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June 2012, Vol. 135, No. 6
Industry shifts in hours and nonfatal work injuries and illnesses, 2003–2008
Alexander Measure is an economist in the Division of Survey of Occupational Injuries and Illnesses, Office of Compensation and Working Conditions, Bureau of Labor Statistics. Email: measure.alex@bls. gov.
Data from the 2003-2008 Surveys of Occupational Injuries and Illnesses1 (SOII) indicate that the total recordable injury and illness rate in the private sector fell from 5.0 to 3.9 cases per 100 full-time workers. The exact reasons for this decline are unknown, but one contributing factor may be that safer industries are accounting for an increased share of hours worked. This report uses data from the Bureau of Labor Statistics (BLS) SOII to examine the extent to which shifts in the share of hours worked across industries contributed to the decline. The analysis presented estimates the impact of these shifts on private sector injury and illness rates between 2003 and 2008.2
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1 The Survey of Occupational Injuries and Illnesses is an annual survey of approximately 250,000 establishments that collects information about work-related injuries and illnesses recorded by employers following guidelines from the Occupational Safety and Health Administration (OSHA). For more information about the survey, see BLS Handbook of Methods, Chapter 9, "Occupational Safety and Health Statistics, Part II, Survey of Occupational Injuries and Illnesses," http://www.bls.gov/opub/hom/homch9.htm#background_part2.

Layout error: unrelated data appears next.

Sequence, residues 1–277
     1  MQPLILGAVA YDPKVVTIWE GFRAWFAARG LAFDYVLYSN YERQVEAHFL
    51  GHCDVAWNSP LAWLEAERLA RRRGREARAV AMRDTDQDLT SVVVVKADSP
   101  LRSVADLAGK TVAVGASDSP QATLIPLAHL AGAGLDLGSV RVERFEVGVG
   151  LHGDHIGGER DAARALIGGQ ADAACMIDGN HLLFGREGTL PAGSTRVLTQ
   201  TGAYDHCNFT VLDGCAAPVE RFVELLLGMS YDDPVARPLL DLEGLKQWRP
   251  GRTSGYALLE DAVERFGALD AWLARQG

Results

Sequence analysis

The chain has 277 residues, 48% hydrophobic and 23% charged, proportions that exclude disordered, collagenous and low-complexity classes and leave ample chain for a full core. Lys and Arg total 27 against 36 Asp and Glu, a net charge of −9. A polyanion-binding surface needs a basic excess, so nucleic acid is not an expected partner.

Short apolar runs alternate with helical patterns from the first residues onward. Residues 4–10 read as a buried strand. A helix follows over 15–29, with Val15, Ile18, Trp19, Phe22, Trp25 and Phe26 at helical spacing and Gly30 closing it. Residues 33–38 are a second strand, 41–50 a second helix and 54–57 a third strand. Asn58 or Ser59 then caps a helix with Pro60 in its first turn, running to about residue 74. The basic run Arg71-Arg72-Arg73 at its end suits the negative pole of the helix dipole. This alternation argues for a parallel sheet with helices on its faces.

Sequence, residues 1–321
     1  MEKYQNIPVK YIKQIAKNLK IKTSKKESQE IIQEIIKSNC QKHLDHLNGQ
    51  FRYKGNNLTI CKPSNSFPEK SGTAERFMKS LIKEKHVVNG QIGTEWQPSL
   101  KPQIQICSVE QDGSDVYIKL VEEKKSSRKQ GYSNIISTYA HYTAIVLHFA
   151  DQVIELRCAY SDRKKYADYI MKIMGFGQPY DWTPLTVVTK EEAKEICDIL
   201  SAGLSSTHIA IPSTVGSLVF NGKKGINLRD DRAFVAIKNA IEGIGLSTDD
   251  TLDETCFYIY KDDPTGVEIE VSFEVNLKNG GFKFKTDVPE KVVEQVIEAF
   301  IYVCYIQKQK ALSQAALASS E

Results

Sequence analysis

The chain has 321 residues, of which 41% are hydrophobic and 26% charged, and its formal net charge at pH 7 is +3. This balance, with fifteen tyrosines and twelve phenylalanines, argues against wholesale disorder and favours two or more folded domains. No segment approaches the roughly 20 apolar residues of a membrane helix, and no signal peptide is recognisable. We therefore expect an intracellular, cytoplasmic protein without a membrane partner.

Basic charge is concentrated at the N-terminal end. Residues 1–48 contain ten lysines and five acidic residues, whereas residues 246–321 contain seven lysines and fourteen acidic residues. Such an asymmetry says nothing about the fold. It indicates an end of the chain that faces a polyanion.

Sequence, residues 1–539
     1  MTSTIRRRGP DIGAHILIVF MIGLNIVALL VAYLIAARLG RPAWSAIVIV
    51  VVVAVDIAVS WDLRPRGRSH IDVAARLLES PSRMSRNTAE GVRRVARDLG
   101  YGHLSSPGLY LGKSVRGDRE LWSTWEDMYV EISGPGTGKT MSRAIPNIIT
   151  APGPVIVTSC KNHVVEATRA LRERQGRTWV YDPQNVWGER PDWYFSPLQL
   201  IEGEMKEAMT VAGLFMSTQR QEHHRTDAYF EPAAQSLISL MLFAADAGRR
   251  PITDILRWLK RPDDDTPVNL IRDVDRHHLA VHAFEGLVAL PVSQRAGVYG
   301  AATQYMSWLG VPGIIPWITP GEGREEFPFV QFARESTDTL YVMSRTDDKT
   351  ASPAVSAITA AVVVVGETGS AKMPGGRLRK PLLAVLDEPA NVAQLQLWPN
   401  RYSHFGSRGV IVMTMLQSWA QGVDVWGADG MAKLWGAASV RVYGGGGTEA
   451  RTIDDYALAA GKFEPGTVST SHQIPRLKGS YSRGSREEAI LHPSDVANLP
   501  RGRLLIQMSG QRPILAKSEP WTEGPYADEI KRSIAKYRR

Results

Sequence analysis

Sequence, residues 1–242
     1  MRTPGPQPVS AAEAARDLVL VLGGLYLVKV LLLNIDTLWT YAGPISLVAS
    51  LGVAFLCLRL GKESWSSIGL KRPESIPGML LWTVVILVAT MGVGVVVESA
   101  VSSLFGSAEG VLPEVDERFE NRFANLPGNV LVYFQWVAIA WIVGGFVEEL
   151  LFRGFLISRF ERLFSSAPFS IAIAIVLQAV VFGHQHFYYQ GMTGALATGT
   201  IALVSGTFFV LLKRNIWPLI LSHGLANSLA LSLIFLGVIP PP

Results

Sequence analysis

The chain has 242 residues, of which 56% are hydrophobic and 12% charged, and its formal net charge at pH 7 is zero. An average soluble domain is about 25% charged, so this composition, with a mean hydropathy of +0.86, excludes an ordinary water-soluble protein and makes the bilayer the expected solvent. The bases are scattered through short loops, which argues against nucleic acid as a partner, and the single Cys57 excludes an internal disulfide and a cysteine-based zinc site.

2 Data from 2003–2008 were used because that timespan is the most recent multiyear period during which the SOII employed a single industry classification system: the 2002 North American Industry Classification System (NAICS). (See North American Industry Classification System: United States, 2002 (Executive Office of the President, Office of Management and Budget, 2002).)
Injuries, Illnesses, and Fatalities
On guard against workplace hazards.—Feb. 2012.
Nonfatal injuries and illnesses in State and local government workplaces in 2008.—Feb. 2011.
Fatal occupational injuries at road construction sites, 2003–07.—Nov. 2010.
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